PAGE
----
The brain trust of the Royals baseball operations department gathered inside their Kauffman Stadium offices on Tuesday. The organizational meetings adjourned around 5 p.m., in time for the executives to fan out across the home dugout to watch their players take batting practice, huddle with members of the coaching staff and break away to check messages on their phones from around Major League Baseball.
The nonwaiver trading deadline expires at 3 p.m. local time on Thursday, and general manager Dayton Moore has instructed his operatives to cast a wide net in search of upgrades. According to conversations with multiple team officials and executives from rival clubs, the team has inquired, or at least had internal discussions, about a variety of players across the diamond.
The list includes outfielders (Rangers right fielder Alex Rios), starting pitchers (Boston’s John Lackey, San Diego’s Ian Kennedy) and relievers (Philadelphia lefty Antonio Bastardo, Red Sox lefty Andrew Miller). The team pondered picking the bones of the Phillies — with tepid interest in players like outfielder Marlon Byrd, starter A.J. Burnett, first baseman Ryan Howard, second baseman Chase Utley — but appears to have backed off.
Heading into Thursday, the Royals have already made a series of lower-level maneuvers. They added a right-handed reliever in Jason Frasor. They altered the composition of their bench by acquiring backup catcher Erik Kratz, shipping third baseman Danny Valencia to Toronto and promoting utility infielder Christian Colon.
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Yet no major acquisition has occurred, and the team may pass the deadline without doing so, opting for less seismic maneuvers before the Aug. 31 waiver trade deadline.
There are multifold hurdles in between interest in a trade and completion of a deal. The prospects sought by other clubs are not surprising, but for an organization invested in player development, they are considered pricey. The Royals have received interest in farmhands like 22-year-old third baseman Hunter Dozier, 18-year-old shortstop Raul Mondesi, 21-year-old right-hander Miguel Almonte and 22-year-old left-hander Sean Manaea.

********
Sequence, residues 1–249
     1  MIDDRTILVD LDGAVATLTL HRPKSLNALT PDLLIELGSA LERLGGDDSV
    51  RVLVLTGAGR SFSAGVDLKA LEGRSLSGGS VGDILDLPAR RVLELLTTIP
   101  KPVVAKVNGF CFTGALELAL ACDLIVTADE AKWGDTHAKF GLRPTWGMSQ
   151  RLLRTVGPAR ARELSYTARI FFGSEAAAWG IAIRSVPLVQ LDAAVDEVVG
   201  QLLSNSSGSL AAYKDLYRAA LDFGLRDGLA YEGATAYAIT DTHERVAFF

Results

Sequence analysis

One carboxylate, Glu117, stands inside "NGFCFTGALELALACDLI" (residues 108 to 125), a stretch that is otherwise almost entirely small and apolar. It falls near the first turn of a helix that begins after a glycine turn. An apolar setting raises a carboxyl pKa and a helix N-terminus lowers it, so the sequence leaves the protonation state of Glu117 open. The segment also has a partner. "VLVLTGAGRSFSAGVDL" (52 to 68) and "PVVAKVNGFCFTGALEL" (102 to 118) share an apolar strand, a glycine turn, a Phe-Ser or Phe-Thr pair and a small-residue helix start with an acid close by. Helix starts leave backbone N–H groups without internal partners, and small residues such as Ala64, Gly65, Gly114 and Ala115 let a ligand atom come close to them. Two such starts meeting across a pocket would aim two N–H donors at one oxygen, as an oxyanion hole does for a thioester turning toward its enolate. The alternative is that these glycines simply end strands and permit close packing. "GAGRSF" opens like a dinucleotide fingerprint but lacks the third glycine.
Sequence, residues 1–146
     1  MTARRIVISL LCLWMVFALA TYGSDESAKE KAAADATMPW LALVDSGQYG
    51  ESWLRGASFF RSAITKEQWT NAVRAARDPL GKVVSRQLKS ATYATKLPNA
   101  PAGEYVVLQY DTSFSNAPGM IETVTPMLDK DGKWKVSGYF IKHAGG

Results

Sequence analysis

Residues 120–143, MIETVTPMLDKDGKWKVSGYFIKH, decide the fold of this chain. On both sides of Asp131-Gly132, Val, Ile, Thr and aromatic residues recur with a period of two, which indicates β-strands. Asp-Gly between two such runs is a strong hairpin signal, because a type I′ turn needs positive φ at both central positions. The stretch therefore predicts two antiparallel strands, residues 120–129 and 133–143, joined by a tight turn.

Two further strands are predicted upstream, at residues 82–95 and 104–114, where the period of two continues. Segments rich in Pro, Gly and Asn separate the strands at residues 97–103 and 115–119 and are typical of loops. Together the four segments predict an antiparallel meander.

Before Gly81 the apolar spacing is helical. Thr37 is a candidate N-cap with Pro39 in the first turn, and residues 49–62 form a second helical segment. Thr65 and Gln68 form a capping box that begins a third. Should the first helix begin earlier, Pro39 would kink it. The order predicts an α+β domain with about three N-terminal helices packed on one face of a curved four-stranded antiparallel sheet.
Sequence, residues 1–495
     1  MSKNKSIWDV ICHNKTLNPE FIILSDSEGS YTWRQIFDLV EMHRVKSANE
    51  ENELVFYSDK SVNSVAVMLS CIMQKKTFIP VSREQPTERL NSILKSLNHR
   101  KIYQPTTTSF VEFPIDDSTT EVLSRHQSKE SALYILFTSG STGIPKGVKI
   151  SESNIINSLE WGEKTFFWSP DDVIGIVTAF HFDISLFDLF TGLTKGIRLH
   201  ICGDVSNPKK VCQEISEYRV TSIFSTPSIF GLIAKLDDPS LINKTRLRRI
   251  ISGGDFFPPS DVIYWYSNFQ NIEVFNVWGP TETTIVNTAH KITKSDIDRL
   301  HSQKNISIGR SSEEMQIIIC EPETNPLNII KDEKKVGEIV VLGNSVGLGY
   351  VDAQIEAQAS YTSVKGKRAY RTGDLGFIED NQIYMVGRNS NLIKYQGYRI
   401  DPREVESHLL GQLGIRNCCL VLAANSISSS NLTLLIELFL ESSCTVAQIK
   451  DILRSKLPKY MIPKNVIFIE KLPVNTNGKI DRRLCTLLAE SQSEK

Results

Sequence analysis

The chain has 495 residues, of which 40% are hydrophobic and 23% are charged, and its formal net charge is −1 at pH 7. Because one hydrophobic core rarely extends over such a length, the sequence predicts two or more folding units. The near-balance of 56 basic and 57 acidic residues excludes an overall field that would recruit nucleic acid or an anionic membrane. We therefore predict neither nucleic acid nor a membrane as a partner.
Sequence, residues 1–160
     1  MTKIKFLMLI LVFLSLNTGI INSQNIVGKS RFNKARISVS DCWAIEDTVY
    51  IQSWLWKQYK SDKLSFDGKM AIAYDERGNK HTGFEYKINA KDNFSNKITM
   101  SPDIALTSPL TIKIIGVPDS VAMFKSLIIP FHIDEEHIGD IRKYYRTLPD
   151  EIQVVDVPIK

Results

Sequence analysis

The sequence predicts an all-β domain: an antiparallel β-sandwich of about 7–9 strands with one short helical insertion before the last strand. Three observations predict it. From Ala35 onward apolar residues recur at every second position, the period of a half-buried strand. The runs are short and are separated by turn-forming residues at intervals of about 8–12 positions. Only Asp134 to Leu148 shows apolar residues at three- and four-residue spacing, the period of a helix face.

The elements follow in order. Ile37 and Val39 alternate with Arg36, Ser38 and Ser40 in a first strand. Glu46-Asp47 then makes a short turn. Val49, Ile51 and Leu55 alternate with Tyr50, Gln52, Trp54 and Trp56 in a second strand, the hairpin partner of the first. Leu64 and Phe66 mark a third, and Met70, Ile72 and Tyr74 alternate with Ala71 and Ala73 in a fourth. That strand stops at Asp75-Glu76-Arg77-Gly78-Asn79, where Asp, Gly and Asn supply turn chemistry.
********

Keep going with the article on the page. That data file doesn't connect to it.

Teams have even asked about Kyle Zimmer, the team’s injured top pitching prospect, who has spent his summer rehabbing a strained latissimus dorsi muscle. The value of Zimmer is nebulous, but the Royals are reticent to part with a pitcher they consider capable of headlining their starting rotation.
Then there are the financial considerations for any deal.
Though the Royals insist they can absorb more salary, rival executives remain dubious. This is murky business, as the reticence of Kansas City to take on money could be seen as either a negotiating tactic or a literal lack of spending capability.
Money is a critical component in dealing with the two top outfielders on the market. Both Byrd and Rios feature no-trade provisions allowing them to block trades to Kansas City. Byrd, 36, would likely require the Royals to guarantee his vesting option for 2016, locking them into a two-year, $16 million deal past 2014 for a player two years removed from a .488 on-base plus slugging percentage and a drug suspension.
Rios, a 33-year-old due $12.5 million total for 2014, is considered more attainable, according to people familiar with the situation. His contract includes a $13.5 team option for next season, which the Royals would hope to buy out rather than guarantee. Still, Rios is far from a superstar, with only four home runs this season, and just one since May.
Right field remains the organization’s most obvious area to improve, and the one the team has attacked with the most zeal. But they are pondering ways to tweak their rotation, too.
Officials with knowledge of the situation confirmed the team’s interest in Lackey, which was first reported by ESPN Boston. A contractual quirk means Lackey, a 35-year-old righty, will pitch for the big-league minimum of $500,000 next season, which adds to his appeal. Of course, it also increases both his value for the Red Sox.
In his two-year return from Tommy John surgery, Lackey owns a 3.55 ERA in 50 starts. Boston does not intend to give him away for cheap. One person familiar with the team’s thought process stressed it would take “something real” in order to pry him away.
“They want a lot,” another league official said.
These are just a few of the hurdles facing the Royals as attempt to fortify their club. It is unclear how the team will handle the coming days, but the deadline is approaching — and fast.